Here is a listing of a few of the many recent milestones in the ongoing German-Jewish dialogue, as well as memorable exhibits, tidbits and facts that document the vibrant and evolving relationship between German Christians and German Jews in Germany today. Read more background on German-Jewish life in Germany.
Please contact me to suggest a listing. For more recent updates (also of events outside Germany), please visit my Interfaith Dialogue Message Board.
On June 2, 2009, the German Federal Social Affairs Court in Kassel (Bundessozialgericht Kassel) ruled that two Jewish ghetto survivors were entitled to pensions, stating that forced laborers during the Nazi regime were technically “employed,” thus setting the stage for the approval of the estimated 70,000 forced laborers who have filed pension applications so far. Most would be able to claim payments of euro 150 ($213) per month. More info (in German); read also the original court ruling (also in German).Edit
On March 25, 2008, The German-language TV channel BR-alpha (Germany/Austria), broadcast a film on “Judaism Today”, with focus on how Jews in the Diaspora view their relationship to Israel. You can see my take on the topic, shedding light on US Jews and their views on Israel and their Jewish identity in the film as well. Click on the arrow to watch the movie (film is in German).
On March 18, 2008, German Chancellor Angela Merkel (the first premier of any country to be invited to address the Israeli parliament) addressed the Knesset in Jerusalem… in German. Click on the image to the right to listen to a dubbed version of the speech or read the transcript here.
On March 11, 2008, The Task Force for International Cooperation on Holocaust Education, Remembrance and Research (ITF), which was established in 1998 on the initiative of Swedish Prime Minister Persson and has 25 member states, opened a secretariat in Berlin, on the premises of the Topography of Terror Foundation. Germany is covering 50 percent of the secretariat’s costs. Projects will include film funding, exhibitions and other dissemination of information, education and ideas. Between 2002-2006, 180 projects have been funded by the ITF.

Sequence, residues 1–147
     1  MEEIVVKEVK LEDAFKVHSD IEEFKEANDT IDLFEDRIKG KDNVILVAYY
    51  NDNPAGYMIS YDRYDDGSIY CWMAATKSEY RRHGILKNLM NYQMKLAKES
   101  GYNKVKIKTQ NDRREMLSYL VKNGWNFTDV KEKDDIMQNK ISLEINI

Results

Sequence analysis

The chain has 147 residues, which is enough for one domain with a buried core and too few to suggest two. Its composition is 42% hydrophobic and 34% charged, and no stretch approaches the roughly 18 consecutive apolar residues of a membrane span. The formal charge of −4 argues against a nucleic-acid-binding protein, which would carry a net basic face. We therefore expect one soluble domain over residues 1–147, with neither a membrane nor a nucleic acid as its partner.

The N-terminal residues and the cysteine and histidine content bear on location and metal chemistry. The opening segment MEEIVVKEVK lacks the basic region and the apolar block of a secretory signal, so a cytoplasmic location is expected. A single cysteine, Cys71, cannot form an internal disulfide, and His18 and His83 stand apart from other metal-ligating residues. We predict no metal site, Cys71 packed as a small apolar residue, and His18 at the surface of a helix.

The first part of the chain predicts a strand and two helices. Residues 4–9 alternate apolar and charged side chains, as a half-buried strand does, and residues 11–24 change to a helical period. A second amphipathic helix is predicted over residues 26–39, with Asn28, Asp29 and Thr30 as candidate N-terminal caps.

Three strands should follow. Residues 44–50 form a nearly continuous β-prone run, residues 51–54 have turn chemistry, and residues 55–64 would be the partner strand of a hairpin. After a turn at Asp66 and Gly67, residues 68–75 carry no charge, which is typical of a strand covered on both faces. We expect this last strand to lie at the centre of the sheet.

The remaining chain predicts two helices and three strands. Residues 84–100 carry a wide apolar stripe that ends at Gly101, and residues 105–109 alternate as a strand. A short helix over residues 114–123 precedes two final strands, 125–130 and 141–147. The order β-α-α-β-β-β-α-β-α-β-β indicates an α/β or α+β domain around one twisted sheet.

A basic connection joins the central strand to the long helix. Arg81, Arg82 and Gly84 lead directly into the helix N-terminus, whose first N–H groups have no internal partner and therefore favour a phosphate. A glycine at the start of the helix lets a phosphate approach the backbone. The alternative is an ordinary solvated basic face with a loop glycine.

In February 2008, two synagogues were rebuilt in Germany: The 95-year-old “Alte Synagoge” in Essen, which was destroyed during Kristallnacht, will reopen in 2010. The synagogue has functioned as a memorial since 1980. Another synagogue, the “Liberale Synagoge” in Darmstadt, which was also destroyed during Kristallnacht, will house a memorial; liturgical artifacts and parts of its walls were uncovered during excavation for a new civic clinic. The new “Place of Recollection and Remembrance” will incorporate the ruins and is expected to open on November 7, 2008.
In November 2007, a walled historic cemetery for Sephardic Jews of Portuguese origin (and later for Ashkenazi Jews as well) opened to the public in Hamburg/Altona (picture at right); it is from the 17th century and will be proposed as a UNESCO world heritage site.
A new publicly accessible, interactive digital database and searchable archive of 2000 video and audio accounts by 600 slave-laborers during the Nazi regime was launched in November 2007 and will go live in the fall of 2008. The project called “Stimmen ehemaliger Zwangsarbeiter — Voices of Forced Labor” is a joint effort of the federal “Foundation Remembrance, Responsibility and Future” (Stiftung “Erinnerung, Verantwortung und Zukunft”), the Free University Berlin (FU Berlin) and the German Historical Museum in Berlin. During the Holocaust, 12 million slave laborers were exploited by the Nazi regime. The database will keep their memory alive and explain their ordeals to students. The 600 personal accounts that are included in this German/English-language database were given by survivors now living in 27 countries during the years 2005-2006.
In October 2007, a new permanent exhibit in a newly built center (pictured at left) opened at the Bergen-Belsen concentration camp memorial museum, which is founded by the German government and the state of Lower Saxony. The new exhibit gives a detailed history in pictures, manuscripts and topographical descriptions of Bergen-Belsen, in its capacity as POW camp for Russian prisoners (1941-42), as a concentration camp (1943-45), and, after the war (1945-1950), as a Displaced Persons Camp.